Saturday, February 11, 2023

Fine Print

 It’s how they get you; it always has been. The fine print, the details, those thirty-seven pages of small print that explains why money isn’t free, and how you’re expected to pay more than what you received to finance that super cool jet ski even though you live in the Mojave, in a forty-year-old airstream camper, with your three-legged dog Skip.

Their job is to get you to sign on the dotted line, then profit from your inability to curb your need for instant gratification. Why do you think banks have such nice buildings? It’s not magnanimity or selflessness that made them billions and billions of dollars; it’s people’s gullibility and their reticence in reading the fine print.

It’s the old adage of people buying things they don’t need with money they don’t have, but that’s why they invented credit and credit cards. Sometimes you know offhand that an individual is prone to making bad life choices when they’re driving a six-figure car but have only one tooth. Priorities, priorities.

People have even gone to court over the details of contracts, especially when it comes to timeshares. Apparently, it’s one of those things you pass down to your kids and grandkids at infinitum, with them having to pay some sort of fee every month even though they just found a decapitated human head floating in the pool of the timeshare you belong to. A contract’s a contract, and you should have read the fine print; now pay up. Was all that really worth the free portable television back in the 90s?

I don’t know about you, but I’ve been burned so many times by people eager to help me out that I’m always looking for the hidden catch, the trap door, the club behind the back that they’ll start swinging as soon as I let my guard down. Yes, it’s a harrowing way to live, but as George Bush tried saying once, fool me once, shame on you, fool me twice, shame on me.

When it comes to what God says, I’m not looking for the fine print because there isn’t any. That in itself is refreshing. It’s like a breath of fresh air after you’ve spent a day in a mine choking on dust and stale sweat. God is direct, clear, and forthright; when He speaks a thing, He means the thing He speaks. We don’t have to wonder or guess at what He said; we must simply obey and see the fulfillment of His promises.

We cannot project the same weariness toward God as we do toward people trying to sell us something. We cannot question intent or motive when He speaks, nor should we worry about some as yet unseen ulterior motive. God doesn’t play games the way men do, and He’s never asked you to pick up your phone, dial that number, and make the biggest love offering you can. It’s got to be sacrificial if you want it to work, after all.

Whenever I encounter people who insist that God failed them, my first question is whether they did what God told them to do. Were they obedient in both the great things and the small, or did they talk themselves into believing that He would be okay with half-measures? Some drawn-out explanation always precedes their answer as to why they couldn’t be in full compliance with the will of God or why their obedience was only superficial but trying to justify it doesn’t take away from the fact that there was no obedience.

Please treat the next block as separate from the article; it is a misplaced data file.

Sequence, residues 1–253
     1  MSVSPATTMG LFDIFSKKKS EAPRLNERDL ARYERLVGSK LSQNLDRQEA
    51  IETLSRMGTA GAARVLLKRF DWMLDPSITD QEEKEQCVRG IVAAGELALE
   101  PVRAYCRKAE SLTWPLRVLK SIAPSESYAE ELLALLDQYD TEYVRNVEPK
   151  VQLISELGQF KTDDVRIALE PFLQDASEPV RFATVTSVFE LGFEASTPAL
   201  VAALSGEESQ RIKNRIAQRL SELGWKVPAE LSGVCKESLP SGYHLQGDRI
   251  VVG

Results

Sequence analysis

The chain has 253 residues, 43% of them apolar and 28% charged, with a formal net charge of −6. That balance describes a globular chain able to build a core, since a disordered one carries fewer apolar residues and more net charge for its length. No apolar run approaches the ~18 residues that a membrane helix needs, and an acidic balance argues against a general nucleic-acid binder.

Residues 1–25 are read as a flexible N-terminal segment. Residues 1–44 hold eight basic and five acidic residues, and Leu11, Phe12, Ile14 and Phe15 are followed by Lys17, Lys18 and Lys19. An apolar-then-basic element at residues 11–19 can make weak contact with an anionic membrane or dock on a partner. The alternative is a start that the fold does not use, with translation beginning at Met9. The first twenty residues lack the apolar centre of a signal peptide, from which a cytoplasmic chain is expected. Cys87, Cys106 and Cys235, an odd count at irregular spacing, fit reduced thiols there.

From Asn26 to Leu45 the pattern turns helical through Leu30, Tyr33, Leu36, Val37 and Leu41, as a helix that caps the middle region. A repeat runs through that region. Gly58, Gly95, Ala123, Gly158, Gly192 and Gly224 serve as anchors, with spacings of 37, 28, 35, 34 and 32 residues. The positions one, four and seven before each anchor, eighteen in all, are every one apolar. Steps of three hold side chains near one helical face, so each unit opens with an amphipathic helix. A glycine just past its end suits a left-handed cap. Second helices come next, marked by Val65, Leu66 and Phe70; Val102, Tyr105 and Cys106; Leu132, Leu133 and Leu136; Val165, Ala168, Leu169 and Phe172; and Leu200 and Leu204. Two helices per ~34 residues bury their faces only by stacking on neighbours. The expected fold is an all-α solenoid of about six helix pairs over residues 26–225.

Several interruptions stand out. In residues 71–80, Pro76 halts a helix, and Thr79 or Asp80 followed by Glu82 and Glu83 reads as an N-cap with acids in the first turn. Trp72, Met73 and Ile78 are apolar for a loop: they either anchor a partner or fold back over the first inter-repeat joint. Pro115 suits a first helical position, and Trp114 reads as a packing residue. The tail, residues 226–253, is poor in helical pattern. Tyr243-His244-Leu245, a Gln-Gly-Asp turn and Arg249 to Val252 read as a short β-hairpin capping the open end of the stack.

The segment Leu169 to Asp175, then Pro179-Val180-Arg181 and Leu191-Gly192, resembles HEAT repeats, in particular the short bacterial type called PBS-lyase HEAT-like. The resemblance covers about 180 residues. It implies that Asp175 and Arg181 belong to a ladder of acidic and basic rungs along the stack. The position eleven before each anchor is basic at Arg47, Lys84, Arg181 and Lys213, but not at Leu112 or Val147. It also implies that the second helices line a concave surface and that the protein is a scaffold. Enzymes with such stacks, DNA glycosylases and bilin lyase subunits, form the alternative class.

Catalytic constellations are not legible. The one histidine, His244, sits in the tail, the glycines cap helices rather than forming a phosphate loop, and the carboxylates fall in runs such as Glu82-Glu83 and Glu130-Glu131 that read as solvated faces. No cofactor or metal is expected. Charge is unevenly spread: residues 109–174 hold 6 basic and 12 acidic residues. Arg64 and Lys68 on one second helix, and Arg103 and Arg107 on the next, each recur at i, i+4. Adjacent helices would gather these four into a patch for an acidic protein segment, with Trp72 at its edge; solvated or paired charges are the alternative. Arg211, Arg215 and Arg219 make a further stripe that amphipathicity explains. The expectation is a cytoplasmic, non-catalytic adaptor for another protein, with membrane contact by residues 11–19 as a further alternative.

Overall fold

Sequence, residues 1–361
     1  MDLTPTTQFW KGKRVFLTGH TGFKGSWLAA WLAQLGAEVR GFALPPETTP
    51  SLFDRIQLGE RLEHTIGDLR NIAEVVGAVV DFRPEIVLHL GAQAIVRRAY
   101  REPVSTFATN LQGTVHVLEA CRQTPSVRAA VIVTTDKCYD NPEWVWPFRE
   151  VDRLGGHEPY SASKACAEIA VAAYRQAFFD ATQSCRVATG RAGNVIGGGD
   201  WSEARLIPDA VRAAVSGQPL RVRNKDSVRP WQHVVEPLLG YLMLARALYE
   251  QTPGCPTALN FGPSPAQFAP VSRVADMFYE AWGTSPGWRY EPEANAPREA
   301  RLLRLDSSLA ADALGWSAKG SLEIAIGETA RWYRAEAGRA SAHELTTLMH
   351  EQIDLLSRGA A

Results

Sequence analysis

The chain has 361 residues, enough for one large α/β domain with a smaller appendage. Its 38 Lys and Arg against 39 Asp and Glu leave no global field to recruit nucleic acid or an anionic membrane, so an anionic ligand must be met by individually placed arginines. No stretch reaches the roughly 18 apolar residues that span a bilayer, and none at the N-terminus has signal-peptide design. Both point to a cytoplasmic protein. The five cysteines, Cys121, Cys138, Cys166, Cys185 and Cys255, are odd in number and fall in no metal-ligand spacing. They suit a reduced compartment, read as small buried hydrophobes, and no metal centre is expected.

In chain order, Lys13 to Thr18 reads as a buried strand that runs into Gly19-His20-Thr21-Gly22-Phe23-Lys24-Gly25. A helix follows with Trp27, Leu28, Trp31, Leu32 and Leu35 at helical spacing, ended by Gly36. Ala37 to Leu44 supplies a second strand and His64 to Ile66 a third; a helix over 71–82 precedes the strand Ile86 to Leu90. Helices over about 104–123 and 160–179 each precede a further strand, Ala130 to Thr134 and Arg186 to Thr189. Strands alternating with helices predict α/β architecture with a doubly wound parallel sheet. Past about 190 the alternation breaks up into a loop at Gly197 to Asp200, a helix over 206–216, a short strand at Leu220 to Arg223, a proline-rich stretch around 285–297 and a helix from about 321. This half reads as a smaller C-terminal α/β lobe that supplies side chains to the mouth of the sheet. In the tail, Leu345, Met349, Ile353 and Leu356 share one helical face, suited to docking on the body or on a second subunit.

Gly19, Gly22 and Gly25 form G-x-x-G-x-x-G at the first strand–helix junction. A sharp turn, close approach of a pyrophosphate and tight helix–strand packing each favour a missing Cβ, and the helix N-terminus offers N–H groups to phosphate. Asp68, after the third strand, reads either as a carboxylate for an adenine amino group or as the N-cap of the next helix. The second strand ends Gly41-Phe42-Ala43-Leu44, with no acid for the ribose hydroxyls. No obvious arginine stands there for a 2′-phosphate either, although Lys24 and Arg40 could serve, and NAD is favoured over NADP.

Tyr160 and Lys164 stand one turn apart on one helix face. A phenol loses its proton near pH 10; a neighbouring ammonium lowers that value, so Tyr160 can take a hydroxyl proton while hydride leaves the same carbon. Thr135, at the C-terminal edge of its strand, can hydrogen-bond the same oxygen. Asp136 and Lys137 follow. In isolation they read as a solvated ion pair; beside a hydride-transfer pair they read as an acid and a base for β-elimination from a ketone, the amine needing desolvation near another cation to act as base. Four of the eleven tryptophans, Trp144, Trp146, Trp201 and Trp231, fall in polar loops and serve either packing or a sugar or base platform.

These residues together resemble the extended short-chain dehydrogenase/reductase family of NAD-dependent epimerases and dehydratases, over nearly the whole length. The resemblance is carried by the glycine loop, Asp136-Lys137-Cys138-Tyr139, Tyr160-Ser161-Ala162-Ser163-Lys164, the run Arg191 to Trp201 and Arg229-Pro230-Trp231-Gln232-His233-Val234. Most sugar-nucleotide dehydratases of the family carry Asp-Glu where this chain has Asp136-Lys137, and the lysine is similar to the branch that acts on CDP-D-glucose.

If your doctor prescribes you heart medication, but you don’t take it and end up in the emergency room, it’s not your doctor’s fault. He did his part; he told you what you needed to do in order to keep from clawing at your chest and feeling as though an elephant was sitting on you. You chose not to follow through. You chose not to take your medication and must now suffer the consequences of your actions.

I have gout. My grandfather had it too. This was before the time of full panel bloodwork and other such things, and so his doctor said it was arthritis and did not discourage him from eating the things that could trigger a gout flare-up. It was a Romanian doctor, at least, he said he was a doctor. It was California in the late eighties, we were poor, and you could get a consult for twenty bucks cash.

Although he never prescribed my grandfather any meds, he said he could, but always reminded him that they were cheaper in Mexico. It’s odd the things you look back on and find terribly suspicious with the benefit of hindsight.

I got my first physical a couple of years back because my little brother kept insisting on it. Other than discovering I was one of those rare specimens whose overall health is counter to his Rubenesque physical appearance, I was informed there was a medication that would counter the uric acid buildup in my joints that were the cause of the gout attacks.

I then had a choice to make. Take the meds, or don’t. Because I’m not a fan of pain, I took the meds for a few days, but they made me feel funny and a bit off. Because I didn’t like the way they made me feel, I made the choice to stop taking them and attempt to control the gout through diet alone. It’s worked thus far, I haven’t had a flare-up in ages, but if I do, I can’t go to my doctor waving my finger in his face accusing him of being a quack. The choice was mine, as were the consequences thereof.

I cannot blame God for my failures when I would have been spared them had I been obedient to Him. I cannot place blame at His feet when it was my having chosen to ignore His guidance that brought me to this place.

With love in Christ, 

Michael Boldea, Jr. 

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